Can the above differences be analogies for differences in approaches of different generations, or differences in individuals(some people may need an opposite-gender approach), or different periods in life ?
We are generally inclined to accept the popular notion that any activity which is not necessary for spiritual purposes or for the purpose of earning a livelyhood automatically falls underthe damning heading of bitul torah. A look at Rav Issur Zalman Meltzer in Even Haazel hilchos melachim may serve to rectify that. He asks how a Jewish king can have a special mitzvah of limud hatorah, isn’t all our time already completely covered by והגית בה יומםולילה? He answers that for a rregular Jew, involvement in ANY conscious activity DOES NOT qualify as bittul torah. Only being completely idle for no purpose whatsoever is considered bittul torah for a regular Jew, whereas a king is required to maintain the standard the is popularly accepted one. Based on the same idea Rav Moshe paskens in Iggros Moshe that it is permissible to pursue wealth, beyond the immediate needs of his household because one would be involved in conscious activity while pursuing wealth and would not be idle.
[YA – That is not the way I understand R Isser Zalman. He means, I believe, that there are many activities whose pursuit can be justified – each person according to his madregah and his needs – for good cause. The king requires even stronger cause. His citation of the 30 issurim involved in bitul Torah seems to me to be by way of acknowledgment of those issurim, not disagreement. Let readers look at the original themselves, and determine what they think pshat is. ]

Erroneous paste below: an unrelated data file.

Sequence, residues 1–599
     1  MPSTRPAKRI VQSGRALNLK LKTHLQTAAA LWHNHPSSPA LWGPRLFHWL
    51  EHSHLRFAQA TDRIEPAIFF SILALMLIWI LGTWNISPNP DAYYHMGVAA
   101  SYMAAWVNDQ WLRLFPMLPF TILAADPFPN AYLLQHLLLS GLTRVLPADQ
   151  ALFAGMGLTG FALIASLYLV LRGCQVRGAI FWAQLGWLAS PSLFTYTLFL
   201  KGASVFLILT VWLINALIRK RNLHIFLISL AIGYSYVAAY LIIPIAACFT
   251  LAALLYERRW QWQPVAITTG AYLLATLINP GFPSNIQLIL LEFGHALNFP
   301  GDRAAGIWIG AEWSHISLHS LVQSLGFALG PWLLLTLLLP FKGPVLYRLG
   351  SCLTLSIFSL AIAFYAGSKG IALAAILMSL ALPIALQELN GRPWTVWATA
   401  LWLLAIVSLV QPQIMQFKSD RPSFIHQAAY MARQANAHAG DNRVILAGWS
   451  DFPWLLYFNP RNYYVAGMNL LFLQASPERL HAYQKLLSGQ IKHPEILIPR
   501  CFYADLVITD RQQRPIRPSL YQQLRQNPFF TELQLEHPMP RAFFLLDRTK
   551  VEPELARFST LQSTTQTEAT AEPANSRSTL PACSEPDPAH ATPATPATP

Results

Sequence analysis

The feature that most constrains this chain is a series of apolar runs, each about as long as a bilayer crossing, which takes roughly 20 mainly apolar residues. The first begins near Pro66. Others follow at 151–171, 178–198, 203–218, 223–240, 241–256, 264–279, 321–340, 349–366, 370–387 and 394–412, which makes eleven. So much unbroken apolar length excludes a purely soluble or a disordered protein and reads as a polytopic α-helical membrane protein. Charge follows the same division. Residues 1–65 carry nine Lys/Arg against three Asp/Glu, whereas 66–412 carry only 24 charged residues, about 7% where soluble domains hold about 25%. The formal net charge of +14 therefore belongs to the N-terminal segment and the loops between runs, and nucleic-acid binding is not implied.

r yitzy’s remark reminded me of a point a former rav made.
when pirkei avot says if one interrupts his learning to remark on some point of natural beauty, it is ‘ke’illu hitchayev benafsho’
so then better to not learn and face the consequence of interruption! no , the answer is [is this from the Alter Rov?] no learning is
vadai hitchayev benafsho….
While “Elul Anxiety” in not diagnosable under the latest DSM, the term is a chapter title in an apparently forthcoming book by Dr. Benzion Sorotzkin. An excerpt from the essay(available on his website):
“This distinction between the יראה that is admirable and unhealthy anxiety is brought into sharp focus in the Sefer היראה e בעקבות , where healthy and productive יראה emanating from an emotionally healthy person with adequate self-esteem is contrasted with the paralyzing anxiety experienced by someone who is self-doubting and insecure. He gives lie to our purported יראה as meekness and attributes much of our spiritual mediocrity to our reluctance to act with confidence”
In addition to R. Adlerstein’s sefer on Nesivos Shalom, there are two MP3’s:
R. Moshe Weinberger-Shiur(YU Torah) titled “The Avodah of Rosh Hashanah for Our Generation” where he talks of correct and incorrect contemporary applications of yirah.
R. Yisroel Reisman-Shiur on Melachim I, titled “The Lost Art of Yiras Shomayim (MI – 18:1)”